10. The second major challenge Airbus faces is the increasing financial burden of the A380 programme. In June and October 2006, the company announced further delays to the delivery schedules for the period 2007 to 2010.[29] The first delivery, in October 2007, will be around two years behind schedule. The main reason for the delay has been a problem relating to the electrical harnesses in the aircraft. Although production will ramp up significantly from 13 aircraft in 2008, to 25 in 2009, and 45 in 2010, the delays have led to many of the A380's customers seeking to review their contracts with the company. Virgin has delayed its order by four years, while the decision by FedEx and UPS to cancel their contracts has led Airbus to abandon the freight version of the A380.[30] Elsewhere, though, Qantas has increased its order from 12 to 20 aircraft, almost certainly as a result of securing a better deal from the company.[31] With the compensation bill and delays, Airbus believes it will not now make a profit on the A380 until it has sold 420 units.[32] Partly as a result of cost overruns and late delivery payments to its customers, Airbus reported a loss of £389 million for 2006.[33] Although the delays have also had knock-on effects for UK suppliers to Airbus, the Society of British Aerospace Companies told us that high overall demand in the sector has prevented the need for any job losses within the supply chain.[34]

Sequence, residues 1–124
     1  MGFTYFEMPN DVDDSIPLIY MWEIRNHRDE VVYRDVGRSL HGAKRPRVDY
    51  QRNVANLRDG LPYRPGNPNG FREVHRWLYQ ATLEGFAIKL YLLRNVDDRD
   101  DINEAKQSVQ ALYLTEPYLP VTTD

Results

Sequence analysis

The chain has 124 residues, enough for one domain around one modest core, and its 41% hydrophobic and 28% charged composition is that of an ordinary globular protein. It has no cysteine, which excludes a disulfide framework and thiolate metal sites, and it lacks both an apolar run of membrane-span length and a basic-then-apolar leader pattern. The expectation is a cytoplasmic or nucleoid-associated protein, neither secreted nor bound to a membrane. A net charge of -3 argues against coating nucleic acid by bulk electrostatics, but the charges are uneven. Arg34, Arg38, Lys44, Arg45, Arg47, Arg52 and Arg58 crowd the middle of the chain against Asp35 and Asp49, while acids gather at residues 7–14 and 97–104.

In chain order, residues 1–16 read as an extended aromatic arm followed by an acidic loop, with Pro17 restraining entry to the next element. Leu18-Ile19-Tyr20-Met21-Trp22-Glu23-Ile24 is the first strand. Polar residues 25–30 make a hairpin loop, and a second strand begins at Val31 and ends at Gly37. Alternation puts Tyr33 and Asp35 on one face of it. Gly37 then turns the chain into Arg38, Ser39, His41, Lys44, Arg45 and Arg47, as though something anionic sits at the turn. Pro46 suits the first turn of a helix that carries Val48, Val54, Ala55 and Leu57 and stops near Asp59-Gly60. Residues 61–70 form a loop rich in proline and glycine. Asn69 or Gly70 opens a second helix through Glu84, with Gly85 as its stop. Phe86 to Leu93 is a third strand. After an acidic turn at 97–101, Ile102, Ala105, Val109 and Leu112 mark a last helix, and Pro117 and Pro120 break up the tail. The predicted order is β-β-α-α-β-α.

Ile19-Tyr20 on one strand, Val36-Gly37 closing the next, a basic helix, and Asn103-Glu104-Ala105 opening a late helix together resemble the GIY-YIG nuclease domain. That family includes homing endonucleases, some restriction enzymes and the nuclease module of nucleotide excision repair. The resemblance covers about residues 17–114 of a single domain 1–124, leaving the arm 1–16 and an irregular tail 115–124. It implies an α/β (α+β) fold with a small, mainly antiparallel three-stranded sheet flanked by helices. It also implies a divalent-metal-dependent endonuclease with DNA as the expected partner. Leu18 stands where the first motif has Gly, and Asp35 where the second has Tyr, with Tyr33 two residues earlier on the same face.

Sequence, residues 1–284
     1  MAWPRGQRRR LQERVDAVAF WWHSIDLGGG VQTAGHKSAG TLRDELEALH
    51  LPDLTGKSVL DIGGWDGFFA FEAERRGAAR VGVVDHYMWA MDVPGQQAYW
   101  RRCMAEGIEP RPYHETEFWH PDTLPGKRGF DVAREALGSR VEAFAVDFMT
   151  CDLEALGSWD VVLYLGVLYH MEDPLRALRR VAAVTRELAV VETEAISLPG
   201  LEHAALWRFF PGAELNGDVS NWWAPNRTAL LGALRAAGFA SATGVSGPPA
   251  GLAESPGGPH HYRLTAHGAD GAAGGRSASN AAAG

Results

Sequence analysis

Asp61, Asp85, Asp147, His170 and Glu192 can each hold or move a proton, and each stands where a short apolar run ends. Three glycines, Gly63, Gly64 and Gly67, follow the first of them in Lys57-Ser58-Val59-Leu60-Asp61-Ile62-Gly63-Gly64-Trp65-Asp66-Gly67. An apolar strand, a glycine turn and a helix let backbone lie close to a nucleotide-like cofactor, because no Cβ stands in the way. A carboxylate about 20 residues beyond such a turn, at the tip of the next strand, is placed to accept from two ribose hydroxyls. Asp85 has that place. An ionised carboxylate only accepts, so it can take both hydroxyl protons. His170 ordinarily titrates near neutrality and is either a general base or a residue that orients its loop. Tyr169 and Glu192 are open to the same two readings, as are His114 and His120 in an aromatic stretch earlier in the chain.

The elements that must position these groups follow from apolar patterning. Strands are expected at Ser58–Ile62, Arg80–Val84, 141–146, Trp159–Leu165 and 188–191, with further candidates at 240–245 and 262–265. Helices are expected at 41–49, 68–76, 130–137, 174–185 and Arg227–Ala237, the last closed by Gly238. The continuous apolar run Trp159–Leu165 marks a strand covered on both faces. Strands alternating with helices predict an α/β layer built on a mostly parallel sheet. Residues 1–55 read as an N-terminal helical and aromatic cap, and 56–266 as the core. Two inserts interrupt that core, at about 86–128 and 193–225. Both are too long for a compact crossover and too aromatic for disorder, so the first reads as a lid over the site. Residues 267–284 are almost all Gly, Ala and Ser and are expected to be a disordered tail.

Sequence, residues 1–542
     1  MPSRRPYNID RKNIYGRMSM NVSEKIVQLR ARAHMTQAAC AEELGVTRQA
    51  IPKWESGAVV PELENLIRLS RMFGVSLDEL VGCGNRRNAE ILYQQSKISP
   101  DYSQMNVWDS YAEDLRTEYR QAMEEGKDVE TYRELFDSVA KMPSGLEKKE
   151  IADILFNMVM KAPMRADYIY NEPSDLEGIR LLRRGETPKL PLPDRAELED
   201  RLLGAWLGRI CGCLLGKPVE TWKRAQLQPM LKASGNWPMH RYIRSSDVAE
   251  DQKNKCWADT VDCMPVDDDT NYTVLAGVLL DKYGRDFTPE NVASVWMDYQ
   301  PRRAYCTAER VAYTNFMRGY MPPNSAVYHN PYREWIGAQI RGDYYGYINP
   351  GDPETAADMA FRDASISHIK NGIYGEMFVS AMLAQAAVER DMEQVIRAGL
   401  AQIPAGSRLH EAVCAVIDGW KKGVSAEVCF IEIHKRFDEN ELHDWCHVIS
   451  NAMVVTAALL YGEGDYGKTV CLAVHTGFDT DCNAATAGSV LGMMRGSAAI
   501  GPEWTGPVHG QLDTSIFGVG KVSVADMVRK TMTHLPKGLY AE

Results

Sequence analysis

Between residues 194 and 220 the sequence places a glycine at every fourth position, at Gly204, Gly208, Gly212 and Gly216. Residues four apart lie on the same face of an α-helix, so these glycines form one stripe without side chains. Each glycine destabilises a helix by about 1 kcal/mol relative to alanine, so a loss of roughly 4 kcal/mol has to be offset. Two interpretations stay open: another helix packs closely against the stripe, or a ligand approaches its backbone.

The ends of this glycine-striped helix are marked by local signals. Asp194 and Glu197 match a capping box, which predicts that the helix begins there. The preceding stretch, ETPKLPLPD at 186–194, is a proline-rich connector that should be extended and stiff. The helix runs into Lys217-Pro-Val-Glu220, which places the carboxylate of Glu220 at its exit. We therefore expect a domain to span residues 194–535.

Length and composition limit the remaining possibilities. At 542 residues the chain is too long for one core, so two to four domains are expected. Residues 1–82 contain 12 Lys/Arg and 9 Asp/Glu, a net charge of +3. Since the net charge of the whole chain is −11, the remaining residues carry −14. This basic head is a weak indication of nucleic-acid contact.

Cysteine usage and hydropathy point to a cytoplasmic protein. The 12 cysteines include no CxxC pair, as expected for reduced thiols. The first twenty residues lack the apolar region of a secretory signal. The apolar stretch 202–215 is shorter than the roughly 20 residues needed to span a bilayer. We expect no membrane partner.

11. The third main challenge faced by Airbus is the need to finance its new A350 XWB programme.[35] Announced in December 2006, the medium-sized long haul aircraft is a reworking of the original A350 design, which was launched in 2005, but met with criticism from airline customers.[36] Airbus claims the A350 XWB is a wider, stronger, lighter and more fuel-efficient version of the original design, being largely made from advanced carbon-fibre composite materials rather than metals.[37] It is expected to come into operation in 2013—around five years after its competitor, the 787 Dreamliner, which has already received 544 firm orders.[38] The cost of the programme is estimated at €10 billion.[39]